Every industry attracts a particular type of individual, and every job description calls for a specific set of skills. But some habits help to distinguish those who succeed from those who languish in their careers, regardless of the industry.
What hiring managers and educators know is that habit becomes your character. What you do repetitiously over time becomes who you are and shapes your reputation. The routines that you implement are the ones that you will gravitate towards when you aren’t sure what to do or lack a specific motivation.
So, it's important that you pay special attention to your work habits and ethics as you enter the workforce. Getting up early and going to bed on time may seem like a waste when you are still unemployed, but showing up late during the first weeks of your new job can be a career killer. The transition from unemployed to responsible salaried employees can be swift and disconcerting for many reasons. By creating and maintaining habits for success before you’re hired, you can help ease some of the tension and prove to your higher-ups that you truly are a star.
The first and most obvious habit is punctuality. It seems like it should go without saying that you need to show up at work, on time, rested and ready to work. But, it is also the most common infraction of office policy. It seems that there are a great number of people who don’t think it matters if you arrive five or ten minutes late, as long as you turn up with a good attitude. And while a good attitude is necessary, it doesn’t excuse tardiness.
The fact is that showing up at your office a few minutes late, or even just as the clock strikes nine, shows a lack of respect for time; both yours and your employer’s. Time is the one asset that we cannot conserve or replenish. Show your employers that you recognize that time and time management are key elements of success by showing up early, every day, ready to work.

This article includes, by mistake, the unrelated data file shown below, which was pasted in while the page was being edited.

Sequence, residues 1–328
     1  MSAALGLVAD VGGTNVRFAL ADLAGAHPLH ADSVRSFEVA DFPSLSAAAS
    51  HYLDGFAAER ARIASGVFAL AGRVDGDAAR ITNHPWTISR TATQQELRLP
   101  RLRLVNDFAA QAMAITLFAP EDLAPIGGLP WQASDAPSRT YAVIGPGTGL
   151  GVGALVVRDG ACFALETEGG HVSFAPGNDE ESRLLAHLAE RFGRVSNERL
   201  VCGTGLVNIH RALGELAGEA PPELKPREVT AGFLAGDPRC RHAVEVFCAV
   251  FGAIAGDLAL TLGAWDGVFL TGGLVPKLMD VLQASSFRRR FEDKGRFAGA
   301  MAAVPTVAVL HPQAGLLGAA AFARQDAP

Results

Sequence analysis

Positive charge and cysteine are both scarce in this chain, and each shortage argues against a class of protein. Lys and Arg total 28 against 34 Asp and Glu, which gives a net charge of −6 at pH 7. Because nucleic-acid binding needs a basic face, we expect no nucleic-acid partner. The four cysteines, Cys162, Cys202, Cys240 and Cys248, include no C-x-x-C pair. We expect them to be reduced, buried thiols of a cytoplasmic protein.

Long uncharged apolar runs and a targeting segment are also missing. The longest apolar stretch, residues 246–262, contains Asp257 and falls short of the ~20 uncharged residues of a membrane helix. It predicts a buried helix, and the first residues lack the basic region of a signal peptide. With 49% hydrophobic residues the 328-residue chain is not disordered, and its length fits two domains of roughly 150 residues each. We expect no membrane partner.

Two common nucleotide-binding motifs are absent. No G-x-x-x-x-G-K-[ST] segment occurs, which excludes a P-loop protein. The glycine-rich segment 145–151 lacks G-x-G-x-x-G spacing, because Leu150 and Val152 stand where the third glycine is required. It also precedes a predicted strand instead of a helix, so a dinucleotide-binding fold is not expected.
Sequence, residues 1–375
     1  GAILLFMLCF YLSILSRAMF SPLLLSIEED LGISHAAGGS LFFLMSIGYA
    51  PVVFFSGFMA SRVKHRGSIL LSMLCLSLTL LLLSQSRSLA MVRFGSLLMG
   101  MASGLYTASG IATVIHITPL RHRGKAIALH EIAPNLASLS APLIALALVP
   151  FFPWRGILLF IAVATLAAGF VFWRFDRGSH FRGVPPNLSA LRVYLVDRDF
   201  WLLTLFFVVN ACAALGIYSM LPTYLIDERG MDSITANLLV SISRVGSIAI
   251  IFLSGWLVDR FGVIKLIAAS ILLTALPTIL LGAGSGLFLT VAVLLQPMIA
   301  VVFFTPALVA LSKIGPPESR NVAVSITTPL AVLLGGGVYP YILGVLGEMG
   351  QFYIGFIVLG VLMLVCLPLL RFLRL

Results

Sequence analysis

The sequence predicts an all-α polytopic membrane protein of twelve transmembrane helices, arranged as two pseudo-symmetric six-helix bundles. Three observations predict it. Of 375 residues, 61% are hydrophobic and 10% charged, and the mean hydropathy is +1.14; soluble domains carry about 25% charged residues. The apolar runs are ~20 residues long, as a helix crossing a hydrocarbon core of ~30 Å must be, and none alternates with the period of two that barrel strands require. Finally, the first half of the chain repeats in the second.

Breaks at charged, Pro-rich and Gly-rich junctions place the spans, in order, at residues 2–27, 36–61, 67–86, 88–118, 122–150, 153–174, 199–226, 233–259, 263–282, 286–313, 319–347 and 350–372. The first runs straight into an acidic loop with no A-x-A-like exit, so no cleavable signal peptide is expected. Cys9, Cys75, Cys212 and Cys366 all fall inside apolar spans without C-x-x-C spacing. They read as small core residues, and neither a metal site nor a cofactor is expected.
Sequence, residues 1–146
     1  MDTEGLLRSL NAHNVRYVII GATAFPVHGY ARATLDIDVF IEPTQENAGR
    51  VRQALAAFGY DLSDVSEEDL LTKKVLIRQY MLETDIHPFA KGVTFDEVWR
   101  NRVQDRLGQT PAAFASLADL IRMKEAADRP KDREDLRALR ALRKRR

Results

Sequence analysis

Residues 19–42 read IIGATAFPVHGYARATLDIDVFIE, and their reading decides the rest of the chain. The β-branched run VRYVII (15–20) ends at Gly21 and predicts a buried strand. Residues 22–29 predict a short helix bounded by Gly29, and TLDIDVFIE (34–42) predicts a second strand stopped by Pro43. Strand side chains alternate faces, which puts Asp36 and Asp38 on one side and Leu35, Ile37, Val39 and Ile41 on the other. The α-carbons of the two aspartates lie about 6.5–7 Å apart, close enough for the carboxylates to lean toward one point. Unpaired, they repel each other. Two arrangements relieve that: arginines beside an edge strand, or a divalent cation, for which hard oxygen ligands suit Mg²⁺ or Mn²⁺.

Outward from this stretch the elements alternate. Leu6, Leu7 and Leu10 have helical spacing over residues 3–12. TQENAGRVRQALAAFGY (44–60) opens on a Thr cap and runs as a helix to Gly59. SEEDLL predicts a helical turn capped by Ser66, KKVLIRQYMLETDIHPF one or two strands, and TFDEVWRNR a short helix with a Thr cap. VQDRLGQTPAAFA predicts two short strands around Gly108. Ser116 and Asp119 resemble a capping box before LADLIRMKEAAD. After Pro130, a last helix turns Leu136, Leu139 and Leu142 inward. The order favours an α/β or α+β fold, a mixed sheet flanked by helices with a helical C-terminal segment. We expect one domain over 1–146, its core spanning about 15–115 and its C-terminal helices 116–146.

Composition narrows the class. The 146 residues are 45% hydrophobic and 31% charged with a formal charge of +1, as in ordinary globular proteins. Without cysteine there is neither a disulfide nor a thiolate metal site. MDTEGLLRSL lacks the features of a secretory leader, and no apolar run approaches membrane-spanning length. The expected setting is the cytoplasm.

The second element I am going to mention is also a common sense answer, but one that is often overlooked. Respect.
It’s easy to say that every person is deserving of respect, but office politics can put that theory to the test. Difficult or pushy managers, gossiping co-workers, or irate clients can test your mettle. It's important to remember in these situations what respect looks like in action. It doesn’t mean agreeing or being a doormat. It does mean listening carefully when others speak without interrupting them and then responding in a way that you would want others to respond to you. Its easier said than done, but that’s why it’s a habit. It must become a skill that you fall back to by default.
The next habit is to take the initiative. Too many people sit back and wait for somebody else to tell them what they should do or what they could accomplish. Successful employees are always looking for ways to benefit the organization or the product. They aren’t just passionate; they are self-motivated. They explore new ideas, learn new things, and happily apply what they learned to their work and lives. Such people don’t need much supervision at work and often accomplish more than others because they don’t waste time trying to avoid unpleasant tasks.
While all of these things seem like character traits, in reality, they are habits. And like any habit, they can be formed and broken with a little willpower and a proper understanding of how to form habits. If you master these three habits, they will become part of your character and will help you to distinguish yourself from the crowd.